7. Down: This is probably the song that changed the most from the original version. I always heard this song in my head as a honky tonk number, but Patterson said “what if we make it a rocker?” Once the band kicked into gear on this groove it was clear that it was meant to be. We had THE most fun with this song!
8. Don’t Give Up On Me: This is a spiritual song that I wrote in high school. I got my start playing guitar in my church’s youth group and the Young Life band, so a lot of my early songs were written from a spiritual angle. At such a young age it was easier for me to write those spiritual songs than it was to write something personal about someone else…I was so afraid people would figure out the songs were about them!
9. Ready Now: This is another song I wrote when I was young that started out as a spiritual song, but ended up being a love song. It’s also one of the songs that has changed for me in the past decade since I recorded the original version. Now I see this song as a readiness to dive in headfirst to life and love to see what happens (spoiler: good things usually happen when you do that).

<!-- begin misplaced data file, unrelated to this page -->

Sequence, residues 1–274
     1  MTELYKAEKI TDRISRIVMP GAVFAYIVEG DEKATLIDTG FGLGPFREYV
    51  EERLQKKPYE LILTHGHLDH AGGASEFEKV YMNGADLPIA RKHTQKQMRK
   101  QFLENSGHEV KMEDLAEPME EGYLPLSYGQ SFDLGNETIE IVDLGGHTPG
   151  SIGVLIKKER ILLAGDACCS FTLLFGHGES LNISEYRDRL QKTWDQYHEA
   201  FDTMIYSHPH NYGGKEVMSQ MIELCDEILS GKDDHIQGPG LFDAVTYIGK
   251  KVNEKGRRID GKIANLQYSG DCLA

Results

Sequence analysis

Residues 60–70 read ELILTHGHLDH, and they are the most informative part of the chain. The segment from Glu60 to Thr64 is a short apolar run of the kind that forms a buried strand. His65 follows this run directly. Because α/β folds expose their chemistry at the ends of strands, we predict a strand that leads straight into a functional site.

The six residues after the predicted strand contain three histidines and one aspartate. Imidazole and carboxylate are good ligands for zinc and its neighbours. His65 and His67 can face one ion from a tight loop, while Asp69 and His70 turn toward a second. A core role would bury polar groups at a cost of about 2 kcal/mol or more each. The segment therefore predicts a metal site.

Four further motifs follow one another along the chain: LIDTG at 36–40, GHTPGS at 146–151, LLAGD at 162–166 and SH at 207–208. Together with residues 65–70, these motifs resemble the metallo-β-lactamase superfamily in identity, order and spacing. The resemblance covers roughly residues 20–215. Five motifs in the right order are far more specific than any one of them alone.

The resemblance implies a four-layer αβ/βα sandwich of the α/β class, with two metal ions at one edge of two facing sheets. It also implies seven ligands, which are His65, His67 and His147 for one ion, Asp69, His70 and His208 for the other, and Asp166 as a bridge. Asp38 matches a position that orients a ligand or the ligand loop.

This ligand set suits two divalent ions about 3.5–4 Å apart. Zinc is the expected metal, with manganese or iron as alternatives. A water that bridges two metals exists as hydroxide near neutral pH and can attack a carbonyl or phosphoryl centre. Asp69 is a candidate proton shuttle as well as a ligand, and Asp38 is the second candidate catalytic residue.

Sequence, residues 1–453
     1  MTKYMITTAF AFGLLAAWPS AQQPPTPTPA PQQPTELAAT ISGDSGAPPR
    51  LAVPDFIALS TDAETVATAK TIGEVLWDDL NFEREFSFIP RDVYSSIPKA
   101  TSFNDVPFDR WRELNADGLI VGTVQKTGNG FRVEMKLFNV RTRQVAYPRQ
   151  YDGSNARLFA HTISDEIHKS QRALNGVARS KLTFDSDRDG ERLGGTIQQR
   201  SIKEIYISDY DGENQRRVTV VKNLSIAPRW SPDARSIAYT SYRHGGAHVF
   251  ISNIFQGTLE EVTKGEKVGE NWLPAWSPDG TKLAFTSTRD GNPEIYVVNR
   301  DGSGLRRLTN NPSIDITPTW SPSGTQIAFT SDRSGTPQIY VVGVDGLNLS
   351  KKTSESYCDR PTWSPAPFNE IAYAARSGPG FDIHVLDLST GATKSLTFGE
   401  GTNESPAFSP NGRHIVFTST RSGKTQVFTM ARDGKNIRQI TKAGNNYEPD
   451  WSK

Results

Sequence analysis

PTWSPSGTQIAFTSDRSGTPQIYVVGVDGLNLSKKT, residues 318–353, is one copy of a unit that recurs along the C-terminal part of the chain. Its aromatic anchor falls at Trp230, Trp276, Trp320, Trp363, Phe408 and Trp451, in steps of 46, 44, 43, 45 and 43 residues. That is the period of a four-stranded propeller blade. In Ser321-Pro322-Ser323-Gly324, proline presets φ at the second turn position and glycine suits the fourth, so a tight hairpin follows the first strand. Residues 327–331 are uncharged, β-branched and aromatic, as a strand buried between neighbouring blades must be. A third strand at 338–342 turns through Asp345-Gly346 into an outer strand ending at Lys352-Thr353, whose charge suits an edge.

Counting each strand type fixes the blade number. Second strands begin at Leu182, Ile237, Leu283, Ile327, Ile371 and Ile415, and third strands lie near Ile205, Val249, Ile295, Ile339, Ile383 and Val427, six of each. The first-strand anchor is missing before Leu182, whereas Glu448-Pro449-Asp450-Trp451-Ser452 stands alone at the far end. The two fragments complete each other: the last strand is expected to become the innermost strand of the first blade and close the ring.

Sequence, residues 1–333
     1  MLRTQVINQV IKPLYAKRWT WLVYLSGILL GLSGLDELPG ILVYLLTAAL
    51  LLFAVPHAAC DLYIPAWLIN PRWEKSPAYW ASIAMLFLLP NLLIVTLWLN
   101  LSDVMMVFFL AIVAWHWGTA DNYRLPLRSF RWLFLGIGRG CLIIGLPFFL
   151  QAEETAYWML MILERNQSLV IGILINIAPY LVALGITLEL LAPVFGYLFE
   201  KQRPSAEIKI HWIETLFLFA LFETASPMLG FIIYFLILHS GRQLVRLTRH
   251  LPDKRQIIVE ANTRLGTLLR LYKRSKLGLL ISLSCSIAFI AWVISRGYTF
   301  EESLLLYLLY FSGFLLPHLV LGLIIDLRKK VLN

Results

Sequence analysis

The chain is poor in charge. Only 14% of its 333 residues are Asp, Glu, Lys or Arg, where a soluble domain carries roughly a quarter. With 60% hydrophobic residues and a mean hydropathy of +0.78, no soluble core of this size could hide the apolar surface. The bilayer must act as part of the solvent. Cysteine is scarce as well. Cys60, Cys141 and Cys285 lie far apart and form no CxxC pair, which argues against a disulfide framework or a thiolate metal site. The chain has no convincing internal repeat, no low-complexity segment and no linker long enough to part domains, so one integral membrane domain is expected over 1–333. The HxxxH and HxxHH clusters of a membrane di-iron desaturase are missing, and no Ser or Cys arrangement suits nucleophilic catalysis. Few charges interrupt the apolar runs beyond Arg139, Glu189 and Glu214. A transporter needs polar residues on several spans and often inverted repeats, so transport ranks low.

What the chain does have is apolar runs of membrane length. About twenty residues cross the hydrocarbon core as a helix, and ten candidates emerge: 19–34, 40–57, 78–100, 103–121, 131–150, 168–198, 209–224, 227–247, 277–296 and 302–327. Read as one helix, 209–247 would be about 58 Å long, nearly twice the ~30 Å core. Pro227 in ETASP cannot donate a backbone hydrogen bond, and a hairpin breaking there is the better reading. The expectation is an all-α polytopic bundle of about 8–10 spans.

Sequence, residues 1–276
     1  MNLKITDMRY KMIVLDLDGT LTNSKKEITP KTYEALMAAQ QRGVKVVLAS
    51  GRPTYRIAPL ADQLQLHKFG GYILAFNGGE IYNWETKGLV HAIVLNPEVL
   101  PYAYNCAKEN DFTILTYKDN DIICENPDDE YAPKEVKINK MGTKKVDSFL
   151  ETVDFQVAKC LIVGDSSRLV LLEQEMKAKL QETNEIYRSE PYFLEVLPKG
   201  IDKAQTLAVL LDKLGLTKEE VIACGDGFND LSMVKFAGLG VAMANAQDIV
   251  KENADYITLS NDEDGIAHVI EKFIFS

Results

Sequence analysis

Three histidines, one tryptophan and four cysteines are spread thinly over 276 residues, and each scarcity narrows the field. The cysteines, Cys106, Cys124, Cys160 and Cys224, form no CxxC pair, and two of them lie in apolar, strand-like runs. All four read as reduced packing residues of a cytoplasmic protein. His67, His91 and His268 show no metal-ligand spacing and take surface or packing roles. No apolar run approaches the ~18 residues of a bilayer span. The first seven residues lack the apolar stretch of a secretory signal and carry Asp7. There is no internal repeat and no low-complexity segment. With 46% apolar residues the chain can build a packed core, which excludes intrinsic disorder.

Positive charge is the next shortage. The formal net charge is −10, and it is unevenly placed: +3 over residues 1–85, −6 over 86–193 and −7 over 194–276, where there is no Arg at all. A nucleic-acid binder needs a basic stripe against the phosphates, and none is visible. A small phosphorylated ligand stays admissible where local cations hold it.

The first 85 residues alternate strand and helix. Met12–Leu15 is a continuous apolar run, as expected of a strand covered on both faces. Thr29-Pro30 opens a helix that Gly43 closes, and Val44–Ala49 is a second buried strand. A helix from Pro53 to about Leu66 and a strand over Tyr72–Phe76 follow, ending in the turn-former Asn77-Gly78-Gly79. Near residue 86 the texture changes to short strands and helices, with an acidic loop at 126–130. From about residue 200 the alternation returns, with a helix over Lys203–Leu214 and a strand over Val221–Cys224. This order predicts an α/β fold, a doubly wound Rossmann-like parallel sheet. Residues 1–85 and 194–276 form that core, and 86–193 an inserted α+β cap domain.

10. I Still Miss Someone: I decided to close the album with one of my favorite Johnny Cash songs, I Still Miss Someone. The original Redemption version was just me, my harmonica, and my guitar…a really intimate version of the song. This live version ended up being a little more lively and faster than we anticipated, but I think we were all having such a great time and in a nice groove that it turned out the way it did. I love both versions and am so happy with how this entire project turned out.